The end result would be a bitter parting of ways; see What’s with Doy?  October 3, 1987.

Since the other side of the coin involves Ferdinand E. Marcos, see also my Storify story, Remembering Marcos.

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Posts added February 3-9, 2013

Victor Buencamino:

February 3, 1942

February 4, 1942

February 5, 1942

February 6, 1942

February 7, 1942

February 8, 1942

February 9, 1942

 

Lydia C. Gutierrez:

February 3, 1945

February 4, 1945

February 8, 1945

February 9, 1945

 

Francis Burton Harrison:

February 3, 1936

February 4, 1936

February 5, 1936

February 6, 1936

February 7, 1936

February 8, 1936

February 9, 1936

February 29, 1936: entry completed

 

Juan Labrador:

January 16, 1945

January 17, 1945

January 18, 1945

February 4, 1945

 

Ferdinand E. Marcos

February 3, 1970

February 4, 1970

February 5, 1970

February 6, 1970

February 7, 1970

February 8, 1970

February 9, 1970

 

Basilio J. Valdes:

February 6, 1945

February 7, 1945

February 8, 1945

Posts added January 27-February 2, 2013

Victor Buencamino:

January 28, 1942

January 29, 1942

January 30, 1942

January 31, 1942

February 1, 1942

February 2, 1942

 

Francis Burton Harrison:

January 28, 1936

January 29, 1936

January 30-31 & February 1-2, 1936

 

Juan Labrador:

January 21-29, 1942

January 31, 1945

 

Ferdinand E. Marcos:

January 28, 1970

January 29, 1970

January 30, 1970

January 31, 1970

February 1, 1970

February 2, 1970

 

Basilio J. Valdes:

February 5, 1945

 

To mark the anniversary of the Battle of Manila, starting tomorrow, we will be publishing the Liberation Diary of Lydia C. Gutierrez, which was originally published in the Sunday Times Magazine in 1967.

The First Quarter Storm through the eyes of Ferdinand E. Marcos

Prior to the scrapping of the 1935 Constitution, presidents would deliver their State of the Nation Address in January, at the Legislative Building in Manila.

On January 26, 1970, President Marcos, who had been inaugurated for an unprecedented full second term less than a month earlier, on December 30, 1969 (see Pete Lacaba’s satirical account, Second Mandate: January 10, 1970), was set to deliver his fifth message to the nation.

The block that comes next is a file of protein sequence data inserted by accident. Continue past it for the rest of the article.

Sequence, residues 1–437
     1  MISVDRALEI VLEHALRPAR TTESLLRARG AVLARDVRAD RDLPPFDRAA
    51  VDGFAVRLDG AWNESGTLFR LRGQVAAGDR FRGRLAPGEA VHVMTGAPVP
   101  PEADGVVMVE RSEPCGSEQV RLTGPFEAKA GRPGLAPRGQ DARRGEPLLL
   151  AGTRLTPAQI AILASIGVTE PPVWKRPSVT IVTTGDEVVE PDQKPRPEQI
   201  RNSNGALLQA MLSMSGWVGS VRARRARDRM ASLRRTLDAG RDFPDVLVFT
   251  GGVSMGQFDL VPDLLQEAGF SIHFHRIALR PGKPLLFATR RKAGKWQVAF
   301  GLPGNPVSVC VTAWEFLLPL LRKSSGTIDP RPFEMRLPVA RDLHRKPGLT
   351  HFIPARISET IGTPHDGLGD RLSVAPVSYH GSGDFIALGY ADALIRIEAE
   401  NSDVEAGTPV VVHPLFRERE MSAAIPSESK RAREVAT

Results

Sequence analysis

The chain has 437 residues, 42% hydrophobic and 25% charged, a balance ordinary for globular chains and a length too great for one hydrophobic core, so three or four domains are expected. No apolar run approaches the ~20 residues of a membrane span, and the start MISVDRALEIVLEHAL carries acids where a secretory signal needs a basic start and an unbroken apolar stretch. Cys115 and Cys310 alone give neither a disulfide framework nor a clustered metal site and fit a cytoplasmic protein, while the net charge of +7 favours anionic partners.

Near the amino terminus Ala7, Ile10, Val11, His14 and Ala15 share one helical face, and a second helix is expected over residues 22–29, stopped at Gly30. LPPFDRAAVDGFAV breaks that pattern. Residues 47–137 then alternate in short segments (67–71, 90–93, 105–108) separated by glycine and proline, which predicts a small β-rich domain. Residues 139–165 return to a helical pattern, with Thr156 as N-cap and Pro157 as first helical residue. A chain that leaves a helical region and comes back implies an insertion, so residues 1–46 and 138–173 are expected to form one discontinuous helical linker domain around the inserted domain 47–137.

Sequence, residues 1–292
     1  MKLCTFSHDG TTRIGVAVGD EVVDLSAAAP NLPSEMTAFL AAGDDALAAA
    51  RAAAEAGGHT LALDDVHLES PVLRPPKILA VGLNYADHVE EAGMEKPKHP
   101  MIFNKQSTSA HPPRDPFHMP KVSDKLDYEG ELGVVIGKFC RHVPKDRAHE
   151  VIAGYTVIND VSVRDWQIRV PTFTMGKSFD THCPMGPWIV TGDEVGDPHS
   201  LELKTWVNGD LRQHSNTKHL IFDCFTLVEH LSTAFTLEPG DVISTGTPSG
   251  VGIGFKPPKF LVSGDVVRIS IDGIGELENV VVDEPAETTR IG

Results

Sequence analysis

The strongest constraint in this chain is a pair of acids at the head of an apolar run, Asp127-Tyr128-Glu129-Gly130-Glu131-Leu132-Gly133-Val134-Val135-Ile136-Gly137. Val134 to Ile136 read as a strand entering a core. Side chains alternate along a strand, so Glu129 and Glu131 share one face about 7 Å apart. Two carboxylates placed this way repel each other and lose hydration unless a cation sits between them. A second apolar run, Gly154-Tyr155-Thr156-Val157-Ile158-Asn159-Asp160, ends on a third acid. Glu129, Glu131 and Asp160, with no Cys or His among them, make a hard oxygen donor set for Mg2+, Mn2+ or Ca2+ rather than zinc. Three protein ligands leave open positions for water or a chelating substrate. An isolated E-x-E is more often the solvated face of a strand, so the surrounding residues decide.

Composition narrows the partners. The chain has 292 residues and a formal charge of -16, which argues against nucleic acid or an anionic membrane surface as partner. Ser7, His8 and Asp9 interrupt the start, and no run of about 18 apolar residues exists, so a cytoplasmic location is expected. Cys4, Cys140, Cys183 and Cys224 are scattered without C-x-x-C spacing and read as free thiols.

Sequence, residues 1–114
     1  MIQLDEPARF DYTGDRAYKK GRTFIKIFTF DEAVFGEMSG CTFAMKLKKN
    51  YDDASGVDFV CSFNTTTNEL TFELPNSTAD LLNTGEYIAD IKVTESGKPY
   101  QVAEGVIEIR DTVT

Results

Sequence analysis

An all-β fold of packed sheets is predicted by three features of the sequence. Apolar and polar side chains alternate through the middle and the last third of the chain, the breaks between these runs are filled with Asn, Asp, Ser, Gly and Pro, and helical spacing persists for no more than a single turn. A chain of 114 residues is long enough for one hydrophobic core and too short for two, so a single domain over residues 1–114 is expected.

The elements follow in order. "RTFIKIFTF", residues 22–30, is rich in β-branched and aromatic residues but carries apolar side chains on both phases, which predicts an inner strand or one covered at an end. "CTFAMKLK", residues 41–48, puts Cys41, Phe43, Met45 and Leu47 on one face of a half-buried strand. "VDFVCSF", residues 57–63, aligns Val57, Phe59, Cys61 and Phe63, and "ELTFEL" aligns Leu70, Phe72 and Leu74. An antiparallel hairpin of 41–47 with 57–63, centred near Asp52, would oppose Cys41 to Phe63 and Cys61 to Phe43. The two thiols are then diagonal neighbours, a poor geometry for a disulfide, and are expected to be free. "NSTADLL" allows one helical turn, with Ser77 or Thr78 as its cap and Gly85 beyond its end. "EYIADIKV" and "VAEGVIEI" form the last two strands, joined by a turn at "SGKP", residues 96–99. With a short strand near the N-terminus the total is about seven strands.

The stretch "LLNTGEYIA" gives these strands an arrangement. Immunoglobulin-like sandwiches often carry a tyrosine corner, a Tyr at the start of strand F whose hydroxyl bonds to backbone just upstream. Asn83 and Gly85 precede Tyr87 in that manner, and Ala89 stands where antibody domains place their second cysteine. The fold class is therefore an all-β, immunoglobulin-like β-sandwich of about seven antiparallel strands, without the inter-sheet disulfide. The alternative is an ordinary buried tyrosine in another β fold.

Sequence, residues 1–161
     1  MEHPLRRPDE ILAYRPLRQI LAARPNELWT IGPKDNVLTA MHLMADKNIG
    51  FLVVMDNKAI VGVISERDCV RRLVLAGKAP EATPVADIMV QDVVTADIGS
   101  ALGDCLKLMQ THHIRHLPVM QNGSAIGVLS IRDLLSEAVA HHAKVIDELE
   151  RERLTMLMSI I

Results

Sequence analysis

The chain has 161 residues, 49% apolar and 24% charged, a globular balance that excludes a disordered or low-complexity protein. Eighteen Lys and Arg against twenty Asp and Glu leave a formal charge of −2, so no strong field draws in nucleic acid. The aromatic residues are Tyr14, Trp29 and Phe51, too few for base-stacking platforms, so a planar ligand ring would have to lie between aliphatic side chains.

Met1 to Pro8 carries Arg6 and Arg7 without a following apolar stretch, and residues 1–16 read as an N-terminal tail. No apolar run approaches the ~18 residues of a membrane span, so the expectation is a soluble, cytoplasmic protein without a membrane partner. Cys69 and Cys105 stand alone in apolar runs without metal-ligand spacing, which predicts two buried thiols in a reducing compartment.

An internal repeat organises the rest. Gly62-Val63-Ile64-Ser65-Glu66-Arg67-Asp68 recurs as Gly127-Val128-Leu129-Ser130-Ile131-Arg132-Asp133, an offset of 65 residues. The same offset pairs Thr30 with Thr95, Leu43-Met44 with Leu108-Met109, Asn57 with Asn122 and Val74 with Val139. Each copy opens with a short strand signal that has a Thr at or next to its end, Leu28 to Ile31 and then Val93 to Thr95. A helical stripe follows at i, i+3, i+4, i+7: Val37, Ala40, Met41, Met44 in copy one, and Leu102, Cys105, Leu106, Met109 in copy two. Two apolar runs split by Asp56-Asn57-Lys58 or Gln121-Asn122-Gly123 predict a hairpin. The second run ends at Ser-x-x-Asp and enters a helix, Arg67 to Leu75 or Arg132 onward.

The classic account of the start of what has come to be known as the First Quarter Storm is Pete Lacaba’s The January 26 Confrontation: A Highly Personal Account, February 7, 1970 followed by his And the January 30 Insurrection, February 7, 1970. From another point of view, there is Kerima Polotan’s The Long Week, February 7, 1970. Followed by Nap Rama’s Have rock, will demonstrate, March 7, 1970.

And there, is of course, the view of Ferdinand E. Marcos himself.

January 23, 1970 and January 24, 1970 were mainly about keeping an eye out on coup plots and the opposition, as well as reshuffling the top brass of the armed forces and picking a new Secretary of National Defense.

January 25, 1970 was about expressing his ire over the behavior of student leaders.

On January 26, 1970 Marcos wrote,

After the State of the Nation address, which was perhaps my best so far, and we were going down the front stairs, the bottles, placard handles, stones and other missiles started dropping all around us on the driveway to the tune of a “Marcos, Puppet” chant.

Marcos then noted,

Some advisors are quietly recommending sterner measures against the Kabataang Makabayan. We must get the emergency plan polished up.

January 27, 1970 and January 28, 1970 were spent housekeeping –talking to police generals– and warning the U.S. Embassy they had better not get involved. Marcos began to further flesh out the rationale for his forthcoming emergency rule:

If we do not prepare measures of counter-action, they will not only succeed in assassinating me but in taking over the government. So we must perfect our emergency plan.